Branko Čibej wrote:
> On 22.11.2012 16:08, Julian Foad wrote:
>> Branko Čibej wrote:
>>> +/** A self-contained memory buffer of known size.
>>> + *
>>> + * Intended to be used where a single variable-sized buffer is needed
>>> + * within an iteration, a scratch pool is available and we want to
>>> + * avoid the cost of creating another pool just for the iteration.
>>> + */
>>> +typedef struct svn_membuf_t
>> What does that comment about scratch pools and iterpools mean?
>> I don't follow what characteristics this new memory buffer has, and
>> how it compares with svn_stringbuf_t. You realize svn_stringbuf_t
>> already supports arbitrary data with null characters in it?
>> svn_stringbuf_t seems to be all of this, and more because it tracks
>> the length of the user's data separately from the allocated length.
>> What are the advantages of this new buffer?
> Imagine the case of this LCS computation, that needs to allocate some
> memory for the algorithm. Typically we'd do that by passing a scratch
> pool to the function and let it allocate from that. And if the caller
> did this in a loop, it would create an iterpool, which would get cleared
> in every iteration.
> This is fine as long as the buffer allocation and pool clearing are
> cheap relative to the rest of the loop, and if the overhead of creating
> a pool just for that isn't a problem. But there are cases where this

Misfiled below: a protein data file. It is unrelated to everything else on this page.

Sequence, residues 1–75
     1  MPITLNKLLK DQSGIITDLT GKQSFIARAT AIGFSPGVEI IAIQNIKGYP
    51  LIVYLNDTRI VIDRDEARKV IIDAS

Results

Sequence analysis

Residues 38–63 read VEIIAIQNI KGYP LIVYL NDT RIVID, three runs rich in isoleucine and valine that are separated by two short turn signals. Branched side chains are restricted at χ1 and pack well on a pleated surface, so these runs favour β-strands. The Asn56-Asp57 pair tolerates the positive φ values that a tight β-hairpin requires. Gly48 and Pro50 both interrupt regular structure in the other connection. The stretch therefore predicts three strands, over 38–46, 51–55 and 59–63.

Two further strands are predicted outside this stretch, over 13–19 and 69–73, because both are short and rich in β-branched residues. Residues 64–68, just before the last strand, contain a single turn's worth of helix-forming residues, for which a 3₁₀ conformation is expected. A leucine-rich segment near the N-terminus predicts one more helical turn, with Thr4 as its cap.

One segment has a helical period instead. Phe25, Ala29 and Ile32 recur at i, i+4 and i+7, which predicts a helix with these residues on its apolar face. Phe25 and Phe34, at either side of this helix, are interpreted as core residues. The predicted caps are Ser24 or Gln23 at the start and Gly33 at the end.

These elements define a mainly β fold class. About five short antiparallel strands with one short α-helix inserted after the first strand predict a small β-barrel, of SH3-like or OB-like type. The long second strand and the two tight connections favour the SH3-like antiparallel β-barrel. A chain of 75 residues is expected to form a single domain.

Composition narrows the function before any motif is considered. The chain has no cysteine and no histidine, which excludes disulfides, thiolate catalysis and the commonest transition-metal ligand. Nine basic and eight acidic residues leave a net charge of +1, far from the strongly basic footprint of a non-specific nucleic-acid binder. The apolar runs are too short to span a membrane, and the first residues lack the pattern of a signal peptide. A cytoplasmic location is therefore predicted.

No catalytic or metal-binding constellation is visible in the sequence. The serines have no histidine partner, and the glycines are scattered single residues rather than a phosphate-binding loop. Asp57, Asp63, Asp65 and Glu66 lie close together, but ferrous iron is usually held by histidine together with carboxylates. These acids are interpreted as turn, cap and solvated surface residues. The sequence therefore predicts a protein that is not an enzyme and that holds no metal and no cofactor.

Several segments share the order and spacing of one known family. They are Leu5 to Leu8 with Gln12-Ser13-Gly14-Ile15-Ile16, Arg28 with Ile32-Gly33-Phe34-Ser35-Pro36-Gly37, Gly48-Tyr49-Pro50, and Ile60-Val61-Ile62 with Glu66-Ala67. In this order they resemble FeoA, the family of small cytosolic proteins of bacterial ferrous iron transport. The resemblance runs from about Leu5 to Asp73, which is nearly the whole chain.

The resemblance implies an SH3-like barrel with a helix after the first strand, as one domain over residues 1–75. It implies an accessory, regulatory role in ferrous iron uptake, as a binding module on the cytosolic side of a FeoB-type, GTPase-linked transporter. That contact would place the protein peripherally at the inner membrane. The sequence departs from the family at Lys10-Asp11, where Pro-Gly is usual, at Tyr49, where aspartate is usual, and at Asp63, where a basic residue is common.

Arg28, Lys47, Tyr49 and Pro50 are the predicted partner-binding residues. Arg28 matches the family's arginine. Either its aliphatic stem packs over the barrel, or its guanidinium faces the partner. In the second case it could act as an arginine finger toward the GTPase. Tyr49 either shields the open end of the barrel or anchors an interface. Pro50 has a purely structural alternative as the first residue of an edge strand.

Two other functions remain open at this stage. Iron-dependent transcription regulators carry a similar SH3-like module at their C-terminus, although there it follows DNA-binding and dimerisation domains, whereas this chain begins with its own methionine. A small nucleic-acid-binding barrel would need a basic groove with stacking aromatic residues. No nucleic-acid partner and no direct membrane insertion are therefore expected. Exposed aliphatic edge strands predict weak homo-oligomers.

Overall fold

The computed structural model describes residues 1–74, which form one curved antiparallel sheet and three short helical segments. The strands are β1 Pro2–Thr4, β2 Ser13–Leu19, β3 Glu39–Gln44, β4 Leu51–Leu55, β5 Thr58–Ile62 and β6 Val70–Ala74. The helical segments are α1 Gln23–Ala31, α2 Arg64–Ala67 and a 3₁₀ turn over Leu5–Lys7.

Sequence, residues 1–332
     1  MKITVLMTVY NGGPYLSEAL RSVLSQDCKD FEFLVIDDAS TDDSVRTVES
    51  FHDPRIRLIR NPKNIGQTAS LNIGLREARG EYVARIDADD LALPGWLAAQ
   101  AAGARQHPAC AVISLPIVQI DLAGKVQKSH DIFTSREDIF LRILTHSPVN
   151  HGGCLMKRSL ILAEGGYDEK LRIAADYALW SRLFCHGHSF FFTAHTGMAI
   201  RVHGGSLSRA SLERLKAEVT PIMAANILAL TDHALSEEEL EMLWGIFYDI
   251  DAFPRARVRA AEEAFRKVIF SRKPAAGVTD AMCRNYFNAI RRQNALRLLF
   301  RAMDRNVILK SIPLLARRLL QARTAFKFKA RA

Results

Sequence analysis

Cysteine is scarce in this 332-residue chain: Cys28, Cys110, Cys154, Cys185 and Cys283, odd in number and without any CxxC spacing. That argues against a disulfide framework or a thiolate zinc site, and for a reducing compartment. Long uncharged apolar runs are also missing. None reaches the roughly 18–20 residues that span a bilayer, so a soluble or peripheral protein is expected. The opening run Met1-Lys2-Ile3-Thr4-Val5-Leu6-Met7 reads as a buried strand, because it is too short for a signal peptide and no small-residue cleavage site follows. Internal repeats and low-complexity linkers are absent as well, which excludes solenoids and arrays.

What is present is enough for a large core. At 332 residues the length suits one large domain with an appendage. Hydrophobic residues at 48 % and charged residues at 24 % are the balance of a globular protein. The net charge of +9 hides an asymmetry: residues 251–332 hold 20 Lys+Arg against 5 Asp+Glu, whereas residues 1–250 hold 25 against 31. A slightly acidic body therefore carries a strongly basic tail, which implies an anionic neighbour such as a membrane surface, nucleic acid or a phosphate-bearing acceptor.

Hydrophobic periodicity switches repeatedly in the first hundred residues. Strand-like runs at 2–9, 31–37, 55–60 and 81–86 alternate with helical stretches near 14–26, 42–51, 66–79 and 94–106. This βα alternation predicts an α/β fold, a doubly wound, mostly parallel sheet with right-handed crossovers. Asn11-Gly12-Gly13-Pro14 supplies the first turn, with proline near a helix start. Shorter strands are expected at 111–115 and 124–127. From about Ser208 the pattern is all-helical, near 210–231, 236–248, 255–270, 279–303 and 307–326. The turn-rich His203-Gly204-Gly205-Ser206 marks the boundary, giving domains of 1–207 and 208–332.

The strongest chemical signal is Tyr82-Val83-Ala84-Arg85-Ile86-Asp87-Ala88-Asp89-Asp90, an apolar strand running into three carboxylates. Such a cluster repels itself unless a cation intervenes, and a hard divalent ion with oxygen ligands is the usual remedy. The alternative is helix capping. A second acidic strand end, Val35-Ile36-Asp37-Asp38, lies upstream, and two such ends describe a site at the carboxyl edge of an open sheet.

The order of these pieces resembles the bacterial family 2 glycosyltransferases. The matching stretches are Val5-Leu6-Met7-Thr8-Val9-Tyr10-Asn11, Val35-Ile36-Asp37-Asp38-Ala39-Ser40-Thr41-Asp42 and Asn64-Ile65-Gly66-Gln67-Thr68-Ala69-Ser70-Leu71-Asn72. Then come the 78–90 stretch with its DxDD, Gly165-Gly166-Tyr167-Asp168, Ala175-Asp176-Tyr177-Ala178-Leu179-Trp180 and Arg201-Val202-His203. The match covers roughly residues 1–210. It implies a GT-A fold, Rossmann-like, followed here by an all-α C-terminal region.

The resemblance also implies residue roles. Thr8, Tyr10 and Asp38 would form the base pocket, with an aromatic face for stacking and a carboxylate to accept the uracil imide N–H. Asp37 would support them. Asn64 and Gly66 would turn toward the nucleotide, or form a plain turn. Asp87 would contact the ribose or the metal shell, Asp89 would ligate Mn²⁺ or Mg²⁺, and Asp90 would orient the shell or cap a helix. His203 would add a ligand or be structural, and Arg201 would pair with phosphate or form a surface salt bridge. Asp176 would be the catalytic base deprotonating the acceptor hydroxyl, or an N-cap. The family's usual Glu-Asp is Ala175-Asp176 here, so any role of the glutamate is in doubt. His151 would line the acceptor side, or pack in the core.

> simply does not hold, and it's nice to be able to use the same buffer
> over and over again, without having to reallocate it every time.
OK, I follow that, but you're basically just saying "this buffer type is designed be
re-used efficiently". The mention of loops and scratch pools has little to do with the buffer
> I have a similar situation on the wc-collate-path branch (in the key
> comparator), for which I used stringbufs. But I ran into a few snags:
> * Stringbufs always allocate the extra \0
Why is that a snag?
> * Resizing a stringbuf will always copy its contents
Depends what you mean by "resizing". It only re-allocs memory and copies the contents when the required "user data size" surpasses the allocated size, and then it doubles the allocation so it won't do it too often. stringbuf_setempty() followed by stringbuf_ensure(whatever) won't copy anything.
> * Stringbuf's data pointer is a char*
So what? The inconvenience of casting to/from (something_else *)?
> I solved the second by adding an svn_stringbuf__resize private function,
> but couldn't really solve the first without completely reimplementing
> stringbufs. The third required a bunch of yucky casts.
I don't get it. (Haven't looked at your __resize() yet.)
> My intention is to try to share implementation between stringbufs and
> membufs. If that doesn't work, I'll probably just throw these membufs
> away; but I'm hoping that won't be necessary. Another alternative is to
> turn this around and make the membuf API a wrapper around stringbufs;
> but that seems just wrong given that membufs are the more generic concept.
Received on 2012-11-22 18:52:43 CET